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Ed Harcourt: Furnaces *

Album Notes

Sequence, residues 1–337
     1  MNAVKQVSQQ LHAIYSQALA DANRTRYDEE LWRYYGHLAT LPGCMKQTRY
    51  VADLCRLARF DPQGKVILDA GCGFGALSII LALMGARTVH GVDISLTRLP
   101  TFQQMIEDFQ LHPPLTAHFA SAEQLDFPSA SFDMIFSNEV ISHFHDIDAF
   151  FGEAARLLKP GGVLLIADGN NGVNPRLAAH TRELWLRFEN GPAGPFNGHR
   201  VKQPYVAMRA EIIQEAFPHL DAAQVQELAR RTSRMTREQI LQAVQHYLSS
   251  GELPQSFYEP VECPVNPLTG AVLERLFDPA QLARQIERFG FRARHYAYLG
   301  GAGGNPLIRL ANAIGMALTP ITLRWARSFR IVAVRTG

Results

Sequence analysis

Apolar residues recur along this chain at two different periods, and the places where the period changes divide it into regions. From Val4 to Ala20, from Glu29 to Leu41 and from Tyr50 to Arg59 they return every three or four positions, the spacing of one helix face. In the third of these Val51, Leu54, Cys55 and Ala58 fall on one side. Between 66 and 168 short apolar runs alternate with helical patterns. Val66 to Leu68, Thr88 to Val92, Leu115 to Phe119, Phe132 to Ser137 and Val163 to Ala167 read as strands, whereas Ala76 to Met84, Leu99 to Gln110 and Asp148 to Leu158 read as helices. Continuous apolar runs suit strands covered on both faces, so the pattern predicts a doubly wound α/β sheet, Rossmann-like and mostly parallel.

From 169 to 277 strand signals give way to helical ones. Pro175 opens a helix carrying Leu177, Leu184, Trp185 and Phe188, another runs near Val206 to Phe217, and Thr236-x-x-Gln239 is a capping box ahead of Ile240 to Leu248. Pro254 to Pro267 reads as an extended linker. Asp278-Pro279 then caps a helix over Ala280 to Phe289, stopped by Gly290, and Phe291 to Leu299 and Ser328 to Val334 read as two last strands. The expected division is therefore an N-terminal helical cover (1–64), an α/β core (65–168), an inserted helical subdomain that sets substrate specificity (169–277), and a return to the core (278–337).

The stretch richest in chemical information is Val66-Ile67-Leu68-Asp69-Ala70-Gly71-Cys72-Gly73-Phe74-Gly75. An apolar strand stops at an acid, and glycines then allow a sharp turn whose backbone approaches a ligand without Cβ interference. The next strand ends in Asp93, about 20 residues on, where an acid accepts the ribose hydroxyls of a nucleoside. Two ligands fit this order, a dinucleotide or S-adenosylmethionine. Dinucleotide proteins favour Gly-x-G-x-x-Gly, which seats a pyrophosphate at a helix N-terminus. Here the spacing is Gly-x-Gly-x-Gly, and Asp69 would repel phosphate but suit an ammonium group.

The seventh studio album from Britain's Ed Harcourt, 2016's Furnaces, finds the dark-tinged singer/songwriter balancing the orchestral majesty of 2010's Lustre with the ruminative simplicity of 2013's Back into the Woods. With Lustre, Harcourt reached a creative apex, crafting an album of sweeping, vampiric splendor that found him at one with his life as a husband, father, and poetic journeyman. In contrast, Back into the Woods was a stripped-down affair, recorded in a single day and subjected to a protracted search for a label home. Produced by acclaimed British producer Flood (PJ Harvey, U2, Nine Inch Nails), Furnaces is a much more robust, though no less soul-searching, production than Back into the Woods, and showcases Harcourt's longstanding knack for crafting bold, baroque rock anthems centered around his yearning baritone vocals, classical-inflected piano, and bluesy guitar. Perhaps not surprisingly, the album brings to mind the similarly inclined work of such luminaries as Nick Cave and the Wolfgang Press, both of whom collaborated with Flood on albums in the '80s and '90s. Harcourt has always evinced a debt to such alt-rock icons, and his choice to pair with Flood on Furnaces is a serendipitous one. And while standout cuts like the driving "Loup Garou" and the fractured, electronica-tinged "You Give Me More Than Love" wouldn't sound out of place on a '90s Garbage album, the album never feels too retro. Tracks like the yearning "The World Is on Fire" and the jazzy, gospel-inflected "There Is a Light Below" are swooning, gorgeously arranged productions full of echoey vocal harmonies, fuzz-tone guitars, exotic percussion accents, and other evocative production touches. Elsewhere, Harcourt achieves a pyrrhic majesty drawing upon the noir-ish style of Portishead with the epically romantic "Last of Your Kind" and the gothy loverman ballad "Immoral." Similarly, the loping "Occupational Hazard" and the militaristically epic "Dionysus" have a kinetic flow that is, as with all of Furnaces, both literate and cinematic. ~ Matt Collar



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